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Course for recovery begins to take shape through new city operations centre

City council approved a framework for recovery, including the establishment of a recovery operations centre, a community recovery manager and the identification of four recovery sectors. — City of Nelson illustration

The storm COVID-19 has unleashed on the province and the Heritage city may be ebbing prompting municipal government to begin charting a course for post pandemic waters.

City director of Emergency Management, Len MacCharles, said with hospitalizations dropping off and the province easing restrictions, “we are moving into a recovery phase with the goal of safely re-establishing social, cultural, physical, economic, personal, community and environmental well-being.”

MacCharles revealed that there is a plan for recovery, with the Nelson Community Recovery Framework providing the course for recovery.

“The covid-19 pandemic has been, and continues to be, an unprecedented and evolving disaster with non-typical developments and progression,” said MacCharles in his presentation to council during the last committee of the whole meeting.

“The response phase has been unusual given there has been no destruction, no evacuations and no clear end to the threat. However, the pandemic continues to be a major disaster with very serious consequences globally, nationally and locally.”

With the drop in positive COVID-19 cases, the provincial government announced it is easing restrictions in a phased approach over the coming weeks and months.

City council approved a framework for recovery, including the establishment of a recovery operations centre, a community recovery manager and the identification of four recovery sectors, including:

  • people and communities;
  • economy;
  • infrastructure, development and planning; and
  • environment.

MacCharles said the recovery operations centre would function similar to the emergency operations centre, with the space, equipment and staff to support the recovery phase.

As well, the appointment of a community recovery manager is crucial, said MacCharles, and will report to the city manager.

Under the framework, there will be three committees struck, and they will each undertake three steps to ensure actions meet the needs of the community.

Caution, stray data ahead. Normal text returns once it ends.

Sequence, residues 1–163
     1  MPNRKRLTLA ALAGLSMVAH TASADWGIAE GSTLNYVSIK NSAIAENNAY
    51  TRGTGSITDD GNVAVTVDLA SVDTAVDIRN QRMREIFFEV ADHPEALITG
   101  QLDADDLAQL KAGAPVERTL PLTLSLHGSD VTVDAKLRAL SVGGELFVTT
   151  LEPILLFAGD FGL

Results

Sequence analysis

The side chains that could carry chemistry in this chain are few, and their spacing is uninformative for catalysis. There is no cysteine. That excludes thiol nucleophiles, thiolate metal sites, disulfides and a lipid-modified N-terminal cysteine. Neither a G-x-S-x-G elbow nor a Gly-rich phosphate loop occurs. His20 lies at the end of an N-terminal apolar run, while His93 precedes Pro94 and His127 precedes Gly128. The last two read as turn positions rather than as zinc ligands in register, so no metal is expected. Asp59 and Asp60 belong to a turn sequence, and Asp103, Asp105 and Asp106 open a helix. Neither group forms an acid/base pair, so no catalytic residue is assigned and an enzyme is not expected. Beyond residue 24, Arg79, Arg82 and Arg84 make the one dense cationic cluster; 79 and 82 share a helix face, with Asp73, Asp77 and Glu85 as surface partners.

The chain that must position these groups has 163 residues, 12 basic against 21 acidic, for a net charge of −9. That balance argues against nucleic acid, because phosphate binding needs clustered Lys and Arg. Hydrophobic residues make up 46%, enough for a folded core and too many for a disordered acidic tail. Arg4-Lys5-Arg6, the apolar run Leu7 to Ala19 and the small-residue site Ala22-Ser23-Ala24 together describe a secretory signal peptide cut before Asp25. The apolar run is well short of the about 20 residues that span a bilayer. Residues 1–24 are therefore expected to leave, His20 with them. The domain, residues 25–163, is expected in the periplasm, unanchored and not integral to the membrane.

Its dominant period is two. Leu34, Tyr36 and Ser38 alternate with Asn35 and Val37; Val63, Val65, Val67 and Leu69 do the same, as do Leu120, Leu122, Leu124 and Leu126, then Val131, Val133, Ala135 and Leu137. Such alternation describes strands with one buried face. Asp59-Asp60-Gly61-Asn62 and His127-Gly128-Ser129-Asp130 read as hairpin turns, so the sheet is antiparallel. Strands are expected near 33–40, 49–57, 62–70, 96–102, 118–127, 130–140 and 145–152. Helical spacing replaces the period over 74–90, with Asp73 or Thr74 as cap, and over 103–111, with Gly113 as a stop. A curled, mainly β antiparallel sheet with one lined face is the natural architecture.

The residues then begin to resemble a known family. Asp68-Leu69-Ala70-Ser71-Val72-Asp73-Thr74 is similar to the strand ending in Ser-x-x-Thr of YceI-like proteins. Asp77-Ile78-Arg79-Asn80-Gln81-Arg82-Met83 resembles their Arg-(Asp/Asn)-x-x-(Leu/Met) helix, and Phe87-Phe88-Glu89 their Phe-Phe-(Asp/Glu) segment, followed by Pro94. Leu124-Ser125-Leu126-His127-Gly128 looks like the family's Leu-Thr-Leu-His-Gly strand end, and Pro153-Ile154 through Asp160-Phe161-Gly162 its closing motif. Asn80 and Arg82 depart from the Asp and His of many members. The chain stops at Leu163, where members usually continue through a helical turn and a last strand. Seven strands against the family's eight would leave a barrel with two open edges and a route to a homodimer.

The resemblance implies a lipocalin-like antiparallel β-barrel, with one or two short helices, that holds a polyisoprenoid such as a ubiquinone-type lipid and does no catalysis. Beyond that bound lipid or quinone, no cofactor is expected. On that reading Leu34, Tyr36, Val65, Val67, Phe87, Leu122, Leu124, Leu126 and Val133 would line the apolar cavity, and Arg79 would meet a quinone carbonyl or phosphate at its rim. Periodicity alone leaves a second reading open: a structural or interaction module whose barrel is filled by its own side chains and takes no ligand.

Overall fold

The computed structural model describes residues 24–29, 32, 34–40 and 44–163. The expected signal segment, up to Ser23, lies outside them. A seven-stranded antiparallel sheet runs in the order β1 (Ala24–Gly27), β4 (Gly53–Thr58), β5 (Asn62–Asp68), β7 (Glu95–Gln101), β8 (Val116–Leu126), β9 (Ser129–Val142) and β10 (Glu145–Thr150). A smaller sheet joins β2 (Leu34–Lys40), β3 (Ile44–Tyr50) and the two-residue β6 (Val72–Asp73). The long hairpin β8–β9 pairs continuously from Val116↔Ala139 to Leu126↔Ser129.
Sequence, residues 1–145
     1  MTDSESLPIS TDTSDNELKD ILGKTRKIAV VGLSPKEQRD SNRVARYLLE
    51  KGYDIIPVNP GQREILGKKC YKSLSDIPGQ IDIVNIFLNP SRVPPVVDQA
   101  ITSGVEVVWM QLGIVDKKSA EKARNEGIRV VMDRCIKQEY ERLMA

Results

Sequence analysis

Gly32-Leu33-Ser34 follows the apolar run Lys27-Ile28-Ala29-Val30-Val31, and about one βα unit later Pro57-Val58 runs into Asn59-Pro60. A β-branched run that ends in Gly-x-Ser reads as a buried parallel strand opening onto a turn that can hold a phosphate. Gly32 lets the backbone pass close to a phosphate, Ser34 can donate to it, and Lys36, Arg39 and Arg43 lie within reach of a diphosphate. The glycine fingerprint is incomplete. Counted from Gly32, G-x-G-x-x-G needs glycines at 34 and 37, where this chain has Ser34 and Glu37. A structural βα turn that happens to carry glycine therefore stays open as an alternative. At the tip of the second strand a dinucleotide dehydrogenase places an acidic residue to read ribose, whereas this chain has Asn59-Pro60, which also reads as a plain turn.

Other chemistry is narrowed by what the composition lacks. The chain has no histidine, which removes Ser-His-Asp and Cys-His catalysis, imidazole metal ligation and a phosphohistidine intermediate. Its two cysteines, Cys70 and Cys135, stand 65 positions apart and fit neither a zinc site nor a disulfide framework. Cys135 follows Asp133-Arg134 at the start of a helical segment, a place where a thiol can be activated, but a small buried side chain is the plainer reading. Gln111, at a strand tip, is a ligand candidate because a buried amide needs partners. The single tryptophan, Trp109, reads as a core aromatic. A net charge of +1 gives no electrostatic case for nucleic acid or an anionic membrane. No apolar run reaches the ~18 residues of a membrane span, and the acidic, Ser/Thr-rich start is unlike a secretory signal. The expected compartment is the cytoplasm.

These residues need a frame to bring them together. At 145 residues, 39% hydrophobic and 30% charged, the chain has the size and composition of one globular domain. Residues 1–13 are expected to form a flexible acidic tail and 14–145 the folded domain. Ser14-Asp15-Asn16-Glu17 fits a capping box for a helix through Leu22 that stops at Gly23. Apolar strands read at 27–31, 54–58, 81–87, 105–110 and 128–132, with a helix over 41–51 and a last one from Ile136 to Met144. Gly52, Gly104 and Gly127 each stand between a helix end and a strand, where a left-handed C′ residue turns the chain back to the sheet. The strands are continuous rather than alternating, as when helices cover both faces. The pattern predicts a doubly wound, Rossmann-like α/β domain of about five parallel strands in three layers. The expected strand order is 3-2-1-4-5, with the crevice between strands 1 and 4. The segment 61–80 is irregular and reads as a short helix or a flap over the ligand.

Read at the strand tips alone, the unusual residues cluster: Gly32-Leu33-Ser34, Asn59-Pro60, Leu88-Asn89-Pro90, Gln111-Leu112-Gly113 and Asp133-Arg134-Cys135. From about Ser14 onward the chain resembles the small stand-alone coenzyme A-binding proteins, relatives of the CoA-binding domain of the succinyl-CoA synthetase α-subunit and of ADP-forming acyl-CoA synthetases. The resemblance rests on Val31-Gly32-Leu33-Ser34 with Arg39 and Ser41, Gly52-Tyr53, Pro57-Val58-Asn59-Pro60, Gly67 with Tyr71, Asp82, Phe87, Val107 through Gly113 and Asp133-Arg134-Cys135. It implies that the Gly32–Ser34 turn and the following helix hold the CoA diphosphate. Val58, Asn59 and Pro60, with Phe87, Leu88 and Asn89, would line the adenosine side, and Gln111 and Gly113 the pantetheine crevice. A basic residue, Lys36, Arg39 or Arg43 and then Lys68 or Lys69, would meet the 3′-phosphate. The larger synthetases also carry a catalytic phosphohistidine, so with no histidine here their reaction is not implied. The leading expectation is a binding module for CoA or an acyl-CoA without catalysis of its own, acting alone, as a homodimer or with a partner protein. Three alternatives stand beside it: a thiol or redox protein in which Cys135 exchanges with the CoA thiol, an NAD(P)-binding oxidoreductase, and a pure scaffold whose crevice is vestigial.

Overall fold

The three steps include:

  • Conducting needs assessment

Once established, sector committees will start by ensuring they have a strong understanding of the impacts of the pandemic relative to their sector.

The sector needs assessment will inform the committee on what resources and/or supports are needed so they can identify specific actions they will be recommending.

Needs assessments will also help to identify priorities, objectives, potential funding mechanisms and coordination with other entities as required.

  • Developing action plans

Sector committees will then list the actions they are recommending based on the needs assessments.

Identified actions and outcomes should be prioritized. It is important that each sector understands funding, resource and staffing limitations in order to not over-estimate what can be effectively delivered.

“Our reality is there have been and continues to be many personal and business impacts that may limit capacity within the community,” said MacCharles.

  • Measuring recovery progress

Measuring the progress and effectiveness of community recovery is important to all involved.

Identifying metrics that show how effective or ineffective recovery strategies are will allow for potential course corrections and provide valuable reporting information.

By developing and communicating specific metrics, activities can be perceived by the public as promoting transparent, accountable and effective recovery strategies.

— Source: City of Nelson

Recovery timeframes

For the recovery to take place several scenarios have been developed, with three timelines: short-term, medium-term and long-term.

“The duration of these stages will change to some degree depending on the nature of the disaster,” said MacCharles.

  • short-term (a few weeks to a few months);
  • medium-term (a few months to over six months); and
  • long-term (six months to over one year).

It is important to note that significant increases in local COVID-19 cases are likely to alter these timeframes, MacCharles explained, or even result in restarting them to some degree.

Follow the numbers

The city has put some money aside in order to help facilitate the recovery process.

Around $100,000 has been allotted for recovery, which may be used to establish a recovery operations centre, hire a community recovery manager and provide supporting resources.

Emergency Management BC policy states that under normal recovery circumstances, they fund recovery and the recovery manager position for up to six months.

“It is anticipated that this will be a .4 -.5 position supported by administration and communications staff, which will likely be sourced internally,” said MacCharles.

The path of the pandemic

The city’s Emergency Operations Centre (EOC) opened March 16 and a public health emergency was declared one day later, with a provincial state of emergency the following day.

“Since that time the EOC has maintained local and provincial situational awareness, worked with EMBC, aligned with provincial orders, worked with Public Works regarding public washrooms/playgrounds/skate park and transit, promoted support for local food banks, assisted/supported vulnerable population working group, worked with Interior Health Authority, assessed PPE requirements and replacement, external and internal communications, etc.,” said MacCharles.

—    Source: City of Nelson

“It must be remembered that the virus may re-emerge in the coming weeks or later this year,” MacCharles concluded.

“The virus will continue to be a threat until either sufficient people have been expose or a vaccine is widely available.”